Morning Sun on Glass

I must be a special kind of hopeless procrastinator. Because during my last year of graduate school, when I was supposed to be writing my thesis on “Bacteria from the Sea Ice of Antarctica”, I decided to teach myself how to work in stained glass. I don’t remember how I got started but soon enough I was elbow deep in sheet glass, the smell of kerosene, rolls of copper foil, and the greasy feeling of flux. My fingertips were always sore from the inevitable little cuts and slices. And every window in my apartment was filled with my stained glass panels.

I soon grew past the simple patterns available at the local store and I ached to combine colors and shapes to create things that would make my heart soar. But this was before the internet and I didn’t have much inspiration. I was young and rigid and I had narrow ideas of how stained glass should be created. Still, I found ways to create in my own way. The nicest thing I made was a calla lily panel that I sketched by copying an image off a friend’s vase.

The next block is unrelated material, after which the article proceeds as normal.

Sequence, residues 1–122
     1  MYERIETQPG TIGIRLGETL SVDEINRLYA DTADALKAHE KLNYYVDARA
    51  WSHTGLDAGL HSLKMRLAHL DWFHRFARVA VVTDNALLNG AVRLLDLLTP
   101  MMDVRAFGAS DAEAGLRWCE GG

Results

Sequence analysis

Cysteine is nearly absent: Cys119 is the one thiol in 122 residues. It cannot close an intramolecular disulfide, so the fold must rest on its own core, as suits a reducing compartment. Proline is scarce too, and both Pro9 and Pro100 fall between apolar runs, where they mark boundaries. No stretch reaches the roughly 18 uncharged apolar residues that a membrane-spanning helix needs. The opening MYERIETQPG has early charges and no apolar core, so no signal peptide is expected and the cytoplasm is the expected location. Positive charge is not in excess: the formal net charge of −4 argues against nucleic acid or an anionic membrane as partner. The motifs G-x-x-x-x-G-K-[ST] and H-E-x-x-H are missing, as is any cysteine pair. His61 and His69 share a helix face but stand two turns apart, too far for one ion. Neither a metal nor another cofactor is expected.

Scanned photograph of light streaming through a window which holds a stained glass panel depicting calla lilies.
As I was finishing graduate school, I made this stained glass panel of calla lilies. Sadly, it was shattered in a move the next year.

In spite of the distractions (yes, that’s plural, I was a professional procrastinator), I managed to graduate and soon entered the adult world of work obligations and being too exhausted to do anything. My stained glass tools remained packed in their boxes through three moves across four states. They stayed there for 15 years, in fact. I finally unpacked it all when I got divorced and moved into my own home. I set up a makeshift workbench in the unheated and uncooled garage. And I started to think about creating.

That was a few years ago. I kind of got derailed by marrying the love of my life and raising teenagers. But I’ve finally got my own studio space. And now my only limitation is that I have too many ideas and I’m busy doing polymer clay right now. But soon. Soon I will get my tools out and play with my glass. I think it’s about time.

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